It doesn’t give us any insight into the longevity of the fight, if there were previous ones and whether or not it was her or him that left. Who knows, she could of been punishing him by leaving. And then again, I’m certain that for at least 20 years, he could at least get a hold of extended family…

I’m just scratching my head at all the directions this could lead… Just odd. But give hope that their present is resolved, and they will have hope for the future.

As for all the comments… I have learned a great deal about single moms, and the struggles. When I got divorced I forced the issue to make time and that she couldn’t take my fatherhood away (she tried tell everyone I abandoned the kids), I pay my child support and not just the base amount. I went and offered to extend it to the full amount (Makes my living tough, but it really benefits the kids). I have been enlightened and angered to all the men out there, who were easy and quick to abandon. As I am in a position to be introduced to single mothers, there actions have made it very difficult to get close. They have to be strong, and that means normal relationships have a hard time existing. For the good guys who got screwed over, we have a difficult time finding the one, until hearts have been softened that not all men suck.

But as a poster above said, it’s a people problem. we can all suck, if we allow ourselves.

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Melissa November 14, 2009 at 8:17 pm

My parents separated when I was 2. For the first year, my dad would show up and visit when he felt like it — 2 weeks, then a month, then a couple days, then a couple months, then a week. Every time, I was SO excited when he got there and then cried my eyes out when he left because I had no idea when he was coming back. My mom couldn’t take it anymore, so she told him he could either set a schedule and show up when he was supposed or don’t come back at all. He chose to take off. My whole childhood, I secretly resented my mom for giving him that choice. He was MY dad and how could she send him away? Instead of missing him for a month between random visits, I missed him for 22 years.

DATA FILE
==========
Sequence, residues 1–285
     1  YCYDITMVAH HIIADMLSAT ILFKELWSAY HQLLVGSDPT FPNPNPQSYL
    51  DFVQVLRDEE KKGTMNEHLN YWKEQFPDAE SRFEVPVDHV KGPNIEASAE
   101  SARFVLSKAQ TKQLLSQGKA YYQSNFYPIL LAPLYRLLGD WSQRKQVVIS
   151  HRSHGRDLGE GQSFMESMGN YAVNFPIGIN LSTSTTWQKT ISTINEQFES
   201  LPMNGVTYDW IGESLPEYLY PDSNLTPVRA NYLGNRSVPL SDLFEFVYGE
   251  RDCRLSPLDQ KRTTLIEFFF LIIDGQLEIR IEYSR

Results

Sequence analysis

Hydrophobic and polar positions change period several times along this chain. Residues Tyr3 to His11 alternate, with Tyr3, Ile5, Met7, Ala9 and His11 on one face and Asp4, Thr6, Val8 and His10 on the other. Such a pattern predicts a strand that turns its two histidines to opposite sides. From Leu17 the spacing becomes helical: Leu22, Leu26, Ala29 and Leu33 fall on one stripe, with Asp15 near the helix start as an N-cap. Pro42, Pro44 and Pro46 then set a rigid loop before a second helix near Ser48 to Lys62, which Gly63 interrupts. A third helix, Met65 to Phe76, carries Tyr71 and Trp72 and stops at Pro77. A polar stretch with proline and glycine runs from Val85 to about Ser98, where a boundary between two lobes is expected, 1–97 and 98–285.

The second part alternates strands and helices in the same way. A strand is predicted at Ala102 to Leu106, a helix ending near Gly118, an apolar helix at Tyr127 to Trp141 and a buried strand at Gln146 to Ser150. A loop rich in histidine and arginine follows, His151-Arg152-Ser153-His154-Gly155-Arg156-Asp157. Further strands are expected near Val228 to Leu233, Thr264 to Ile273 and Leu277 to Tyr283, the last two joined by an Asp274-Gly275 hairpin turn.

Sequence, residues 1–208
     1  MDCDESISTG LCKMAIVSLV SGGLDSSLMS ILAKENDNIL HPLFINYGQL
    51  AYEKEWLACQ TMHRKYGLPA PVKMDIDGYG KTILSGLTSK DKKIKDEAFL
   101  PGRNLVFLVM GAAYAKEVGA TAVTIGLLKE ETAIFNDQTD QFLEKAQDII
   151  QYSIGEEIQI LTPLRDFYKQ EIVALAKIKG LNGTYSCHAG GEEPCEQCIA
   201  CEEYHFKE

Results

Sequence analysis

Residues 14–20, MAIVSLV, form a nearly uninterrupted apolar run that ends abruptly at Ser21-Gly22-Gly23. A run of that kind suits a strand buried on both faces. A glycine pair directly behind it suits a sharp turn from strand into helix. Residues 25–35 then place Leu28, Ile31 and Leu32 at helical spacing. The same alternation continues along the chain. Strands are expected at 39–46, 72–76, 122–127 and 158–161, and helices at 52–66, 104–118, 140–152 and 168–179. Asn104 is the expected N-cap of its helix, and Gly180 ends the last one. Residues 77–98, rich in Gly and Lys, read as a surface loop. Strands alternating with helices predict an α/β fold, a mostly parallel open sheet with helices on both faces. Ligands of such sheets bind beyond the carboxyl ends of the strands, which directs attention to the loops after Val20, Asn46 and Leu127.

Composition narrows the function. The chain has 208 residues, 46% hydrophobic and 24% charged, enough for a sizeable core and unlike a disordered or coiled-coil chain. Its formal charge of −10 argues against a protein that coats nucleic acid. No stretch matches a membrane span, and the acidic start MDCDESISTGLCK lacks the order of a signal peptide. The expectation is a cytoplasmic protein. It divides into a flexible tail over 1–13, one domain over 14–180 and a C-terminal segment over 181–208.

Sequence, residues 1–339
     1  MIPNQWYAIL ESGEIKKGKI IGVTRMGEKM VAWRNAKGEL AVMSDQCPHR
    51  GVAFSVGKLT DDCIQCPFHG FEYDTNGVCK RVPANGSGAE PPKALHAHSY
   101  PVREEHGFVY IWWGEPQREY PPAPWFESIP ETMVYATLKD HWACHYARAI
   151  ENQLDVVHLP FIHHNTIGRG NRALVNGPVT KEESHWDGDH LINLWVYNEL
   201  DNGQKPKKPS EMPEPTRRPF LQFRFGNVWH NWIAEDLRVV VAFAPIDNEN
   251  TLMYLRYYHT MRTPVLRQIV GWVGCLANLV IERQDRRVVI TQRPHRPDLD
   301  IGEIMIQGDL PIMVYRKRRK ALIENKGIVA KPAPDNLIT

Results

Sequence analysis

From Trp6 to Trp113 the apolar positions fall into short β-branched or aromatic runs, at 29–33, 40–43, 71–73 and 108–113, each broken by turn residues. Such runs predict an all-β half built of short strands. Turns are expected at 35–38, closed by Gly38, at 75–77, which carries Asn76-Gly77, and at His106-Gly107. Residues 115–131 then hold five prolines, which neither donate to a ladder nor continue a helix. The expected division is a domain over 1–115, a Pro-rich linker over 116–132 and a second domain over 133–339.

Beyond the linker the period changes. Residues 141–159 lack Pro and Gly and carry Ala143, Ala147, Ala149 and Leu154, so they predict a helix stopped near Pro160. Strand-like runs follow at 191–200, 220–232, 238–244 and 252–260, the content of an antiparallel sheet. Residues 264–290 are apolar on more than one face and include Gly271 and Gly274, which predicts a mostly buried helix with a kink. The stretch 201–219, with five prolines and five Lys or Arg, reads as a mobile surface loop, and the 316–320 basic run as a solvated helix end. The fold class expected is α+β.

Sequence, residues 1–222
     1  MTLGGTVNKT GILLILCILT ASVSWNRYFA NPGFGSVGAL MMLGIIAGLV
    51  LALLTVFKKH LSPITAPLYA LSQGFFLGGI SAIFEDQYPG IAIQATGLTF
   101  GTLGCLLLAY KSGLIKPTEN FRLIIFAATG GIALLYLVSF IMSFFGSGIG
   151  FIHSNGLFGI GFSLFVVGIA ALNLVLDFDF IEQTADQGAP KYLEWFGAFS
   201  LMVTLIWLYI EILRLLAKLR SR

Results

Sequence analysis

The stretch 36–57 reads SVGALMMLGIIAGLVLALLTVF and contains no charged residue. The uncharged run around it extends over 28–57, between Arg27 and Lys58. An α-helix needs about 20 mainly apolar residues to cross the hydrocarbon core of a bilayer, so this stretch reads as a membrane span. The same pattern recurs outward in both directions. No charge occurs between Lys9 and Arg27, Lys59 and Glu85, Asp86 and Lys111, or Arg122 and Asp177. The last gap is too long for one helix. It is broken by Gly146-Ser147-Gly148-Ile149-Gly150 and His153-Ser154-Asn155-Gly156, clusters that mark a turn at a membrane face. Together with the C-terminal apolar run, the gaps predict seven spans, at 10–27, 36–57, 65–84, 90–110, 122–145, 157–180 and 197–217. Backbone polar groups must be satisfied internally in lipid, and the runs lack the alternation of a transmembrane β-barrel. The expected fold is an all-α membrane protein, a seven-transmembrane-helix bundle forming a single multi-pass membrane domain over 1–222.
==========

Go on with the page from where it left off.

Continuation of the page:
When I was 25 and in law school and no longer living with my mom, I found him. We exchanged a few letters and a few emails. He apologized and swore that he and my mom made the best decision they could for me. My life was better without him. How could that be? We talked about meeting — in Texas (I live in Pennsylvania) as soon as I could afford a ticket. (Seriously). When I got engaged, I emailed him — great news dad, I’m engaged! His response, “That’s great, kid. So, I’ve been selling insurance online. Here’s the website. If you decide it looks good, order it through me, not through the website. Otherwise, I won’t get credit.” Wait, did I just tell my dad that I am getting married and he tried to sell me life insurance? Yep. That was the last time I emailed him. It was 2002.

My mom, who I love and respect completely, lives in the same house that they lived in together (it was my grandparents’ house) and had the same phone number until just a couple years ago. If you google me today, with his last name, I am the first person that comes up. He hasn’t. In one of his letters, he said “I always told everyone that I had 3 daughters — you, [and my 2 half sisters].” Funny, I always told people I didn’t have a dad. I still don’t. In his case, once a deadbeat, always a deadbeat.

I will do as much as I can to keep my ex in my son’s life. As I noted in a recent post here, I even have a petition pending to compel my ex to go to co-parenting counseling with me so that we can learn to communicate. I chose to file for child support, not because I need the money, but because I want him to stay connected. But, if despite my best intentions my ex fades away, I am confident that, like me, my son will idealize him because it’s what kids need to do, but he will always know that I love him and I am here for him for every scraped knee and every broken heart — and that will be true no matter what kind of daddy he has. When he says, “my daddy is the best and I love him,” I say, “of course!” and say a prayer in my heart that he’s right. It’s the best I can do.

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Tricia November 20, 2009 at 6:58 am

My girls, 13 and 14, never went through a phase that they wanted THEIR DAD. The oldest wanted A DAD, just not hers. Maybe they saw too much, experienced too much, remember too much. But they never asked. For me, that is good. I always try to tell them only the good things. Sometimes that leaves me with nothing to say about the man, but I try.